TITLE 50: INSURANCE
CHAPTER I: DEPARTMENT OF INSURANCE
SUBCHAPTER ii: NAVIGATOR, IN-PERSON COUNSELOR, CERTIFIED APPLICATION COUNSELOR AND TRAINING PROVIDERS
PART 3125 NAVIGATOR, IN-PERSON COUNSELOR AND CERTIFIED APPLICATION COUNSELOR CERTIFICATION
SECTION 3125.140 DISQUALIFYING OFFENSE REVIEW


 

Section 3125.140  Disqualifying Offense Review

 

Review Standards

Section 30(a) of the Illinois Navigator Act allows the Director to place on probation, suspend, revoke or refuse to issue or renew a Navigator, In-Person Counselor and Certified Application Counselor certification, levy a civil penalty, or take any combination of the preceding actions as established by rule.  Section 3125.120 of this Part allows the Director to place on probation, suspend, revoke, or refuse to issue or renew a Navigator, In-Person Counselor or Certified Application Counselor's certificate or levy a civil penalty or take any combination of these actions, when the Navigator, In-Person Counselor, Certified Application Counselor or applicant has been convicted of a felony. (See Section 3125.120(a)(6).) When reviewing Navigator, In-Person Counselor and Certified Application Counselor certifications or applications involving Navigators, In-Person Counselors or Certified Application Counselors who have been convicted of a felony, the Director shall consider the following factors in determining the appropriate action:

 

a)         Nature and severity of the criminal activity.  Violent criminals or sex offenders may be denied certification privileges, as well as those convicted of crimes which are insurance related and/or involve untrustworthiness;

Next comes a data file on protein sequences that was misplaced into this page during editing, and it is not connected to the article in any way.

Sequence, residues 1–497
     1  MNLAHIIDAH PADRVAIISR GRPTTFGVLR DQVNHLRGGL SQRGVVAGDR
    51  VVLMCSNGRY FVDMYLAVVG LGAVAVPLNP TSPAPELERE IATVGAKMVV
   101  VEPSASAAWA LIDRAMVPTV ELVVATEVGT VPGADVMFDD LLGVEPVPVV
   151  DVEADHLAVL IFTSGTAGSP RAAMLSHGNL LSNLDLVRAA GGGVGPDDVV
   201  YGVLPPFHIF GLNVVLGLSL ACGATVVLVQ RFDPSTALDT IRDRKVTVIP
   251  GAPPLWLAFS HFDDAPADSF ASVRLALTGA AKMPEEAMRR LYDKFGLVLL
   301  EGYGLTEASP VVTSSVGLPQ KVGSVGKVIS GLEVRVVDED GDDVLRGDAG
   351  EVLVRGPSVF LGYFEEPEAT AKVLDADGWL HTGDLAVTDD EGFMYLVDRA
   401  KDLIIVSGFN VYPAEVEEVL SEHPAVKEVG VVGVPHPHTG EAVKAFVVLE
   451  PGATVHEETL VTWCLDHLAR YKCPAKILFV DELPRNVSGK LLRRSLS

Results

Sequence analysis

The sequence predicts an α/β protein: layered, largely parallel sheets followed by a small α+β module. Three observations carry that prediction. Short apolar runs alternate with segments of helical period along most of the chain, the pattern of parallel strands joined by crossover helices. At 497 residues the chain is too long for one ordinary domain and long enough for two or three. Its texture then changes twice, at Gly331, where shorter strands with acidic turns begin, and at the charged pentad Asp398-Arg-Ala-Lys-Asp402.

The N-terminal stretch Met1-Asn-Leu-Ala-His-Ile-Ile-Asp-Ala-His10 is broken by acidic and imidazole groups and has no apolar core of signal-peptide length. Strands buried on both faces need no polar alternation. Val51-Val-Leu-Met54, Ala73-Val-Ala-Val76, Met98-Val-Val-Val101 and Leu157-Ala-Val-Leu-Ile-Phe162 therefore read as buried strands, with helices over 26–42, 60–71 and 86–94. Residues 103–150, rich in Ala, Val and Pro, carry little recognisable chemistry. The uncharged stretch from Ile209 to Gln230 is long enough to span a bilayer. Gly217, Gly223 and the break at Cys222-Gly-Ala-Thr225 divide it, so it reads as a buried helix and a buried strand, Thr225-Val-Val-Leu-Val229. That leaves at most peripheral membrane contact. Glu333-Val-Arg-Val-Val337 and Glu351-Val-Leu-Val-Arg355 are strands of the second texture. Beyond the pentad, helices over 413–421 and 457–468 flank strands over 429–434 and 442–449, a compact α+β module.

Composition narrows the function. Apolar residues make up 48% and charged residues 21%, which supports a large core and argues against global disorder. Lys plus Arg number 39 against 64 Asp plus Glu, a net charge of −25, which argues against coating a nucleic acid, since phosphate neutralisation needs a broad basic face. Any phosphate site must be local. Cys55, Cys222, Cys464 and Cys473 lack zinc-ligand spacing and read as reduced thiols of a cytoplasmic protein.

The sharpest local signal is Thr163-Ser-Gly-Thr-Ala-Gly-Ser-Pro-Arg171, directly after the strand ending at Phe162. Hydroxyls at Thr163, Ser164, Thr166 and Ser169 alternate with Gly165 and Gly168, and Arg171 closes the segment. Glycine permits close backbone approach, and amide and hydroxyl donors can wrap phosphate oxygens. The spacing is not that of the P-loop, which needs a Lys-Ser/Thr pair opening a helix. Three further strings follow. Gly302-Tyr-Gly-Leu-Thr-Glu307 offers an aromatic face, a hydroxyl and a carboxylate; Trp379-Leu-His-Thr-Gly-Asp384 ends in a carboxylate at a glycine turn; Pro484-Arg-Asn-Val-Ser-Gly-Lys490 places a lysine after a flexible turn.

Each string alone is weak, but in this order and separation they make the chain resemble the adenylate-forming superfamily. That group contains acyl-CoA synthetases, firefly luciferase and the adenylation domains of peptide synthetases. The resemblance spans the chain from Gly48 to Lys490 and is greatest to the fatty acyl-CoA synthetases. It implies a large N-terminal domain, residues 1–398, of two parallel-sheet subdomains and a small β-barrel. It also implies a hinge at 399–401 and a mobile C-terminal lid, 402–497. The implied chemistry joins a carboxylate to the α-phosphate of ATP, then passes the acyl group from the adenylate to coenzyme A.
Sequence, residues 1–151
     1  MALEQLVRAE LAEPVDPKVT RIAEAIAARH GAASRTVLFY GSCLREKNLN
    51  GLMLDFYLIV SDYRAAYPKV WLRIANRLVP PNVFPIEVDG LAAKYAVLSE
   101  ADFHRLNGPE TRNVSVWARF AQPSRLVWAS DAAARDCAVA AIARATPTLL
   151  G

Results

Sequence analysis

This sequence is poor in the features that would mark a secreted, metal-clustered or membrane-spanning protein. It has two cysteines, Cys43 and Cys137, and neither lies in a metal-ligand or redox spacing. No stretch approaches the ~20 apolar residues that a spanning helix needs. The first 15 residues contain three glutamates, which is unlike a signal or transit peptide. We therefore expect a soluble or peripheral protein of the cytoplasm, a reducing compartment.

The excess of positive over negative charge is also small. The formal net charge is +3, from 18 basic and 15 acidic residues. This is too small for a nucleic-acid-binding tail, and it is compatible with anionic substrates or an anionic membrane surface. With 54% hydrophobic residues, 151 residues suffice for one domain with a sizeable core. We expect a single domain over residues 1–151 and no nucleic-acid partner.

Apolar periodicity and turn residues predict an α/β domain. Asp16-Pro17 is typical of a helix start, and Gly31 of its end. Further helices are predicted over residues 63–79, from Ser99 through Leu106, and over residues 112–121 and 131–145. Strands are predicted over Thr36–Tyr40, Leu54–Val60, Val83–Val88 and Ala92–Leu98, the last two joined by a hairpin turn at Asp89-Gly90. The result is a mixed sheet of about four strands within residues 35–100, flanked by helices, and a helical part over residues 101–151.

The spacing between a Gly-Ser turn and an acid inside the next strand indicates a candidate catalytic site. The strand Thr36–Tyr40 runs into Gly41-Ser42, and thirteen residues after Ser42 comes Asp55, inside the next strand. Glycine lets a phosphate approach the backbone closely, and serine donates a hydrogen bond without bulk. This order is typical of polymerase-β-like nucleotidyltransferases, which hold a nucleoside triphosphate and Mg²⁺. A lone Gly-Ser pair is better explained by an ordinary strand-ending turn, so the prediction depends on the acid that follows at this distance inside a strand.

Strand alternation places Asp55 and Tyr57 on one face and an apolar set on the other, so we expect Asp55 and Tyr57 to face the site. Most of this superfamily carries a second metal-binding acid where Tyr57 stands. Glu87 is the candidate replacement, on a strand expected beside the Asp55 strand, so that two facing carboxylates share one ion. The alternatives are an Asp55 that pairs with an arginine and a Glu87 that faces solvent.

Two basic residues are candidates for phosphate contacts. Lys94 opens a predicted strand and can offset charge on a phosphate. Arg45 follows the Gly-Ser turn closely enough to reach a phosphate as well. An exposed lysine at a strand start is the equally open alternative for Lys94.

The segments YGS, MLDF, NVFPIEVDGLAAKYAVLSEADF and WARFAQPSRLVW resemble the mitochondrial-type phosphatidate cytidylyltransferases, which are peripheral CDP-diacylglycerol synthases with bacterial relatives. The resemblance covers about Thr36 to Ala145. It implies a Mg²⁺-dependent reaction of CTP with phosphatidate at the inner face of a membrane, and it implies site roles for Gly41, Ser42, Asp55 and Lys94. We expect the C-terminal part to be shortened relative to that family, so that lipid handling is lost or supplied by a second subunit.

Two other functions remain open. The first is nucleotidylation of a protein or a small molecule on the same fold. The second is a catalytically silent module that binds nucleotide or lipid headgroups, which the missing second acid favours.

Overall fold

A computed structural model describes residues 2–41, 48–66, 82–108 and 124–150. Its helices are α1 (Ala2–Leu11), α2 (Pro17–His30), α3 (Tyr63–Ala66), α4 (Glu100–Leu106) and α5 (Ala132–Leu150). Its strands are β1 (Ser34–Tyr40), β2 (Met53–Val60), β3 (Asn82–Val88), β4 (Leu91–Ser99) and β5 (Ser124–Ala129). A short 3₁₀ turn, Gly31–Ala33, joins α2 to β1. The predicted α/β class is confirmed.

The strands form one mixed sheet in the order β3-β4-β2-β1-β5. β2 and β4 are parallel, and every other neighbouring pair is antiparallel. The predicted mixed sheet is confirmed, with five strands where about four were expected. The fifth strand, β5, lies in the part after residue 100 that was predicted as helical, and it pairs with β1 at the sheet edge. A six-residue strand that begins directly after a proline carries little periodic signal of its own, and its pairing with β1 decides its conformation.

b)         Time elapsed since the prior criminal conduct.  The greater the time period since the criminal conduct, the more leniency is appropriate.  When making this determination, the duration since the criminal activity should be proportionate to the severity of the criminal conduct;

 

c)         Absence of additional criminal conduct since the reported felony.  Continued criminal conduct of a lesser or greater nature should not be tolerated;

 

d)         Multiple offenses or pattern of criminal conduct. Those engaged in repeated criminal conduct are a greater risk to the public;

 

e)         Restitution.  Payment to the victim of the felony is necessary to both satisfy the court order and to demonstrate penitence;

 

f)         Proper disclosure.  Failure to fully cooperate or properly report the criminal activity to the Department does not reflect favorably on the applicant's character;

 

g)         Satisfactory completion of sentence and probationary period.   The debt to society must be fully satisfied before the applicant is granted any further privileges;

 

h)         Rehabilitation.  Post-conviction community service or charitable activity may serve as evidence of rehabilitation;

 

i)          Nature of work performed.  There is less risk when the work to be performed does not involve money transactions or direct contact with the public; and

 

j)          Any other facts or circumstances deemed relevant by the Director.  Letters of recommendation addressed to the Director attesting to the character and reputation of the applicant or certificate holder may be considered by the Director.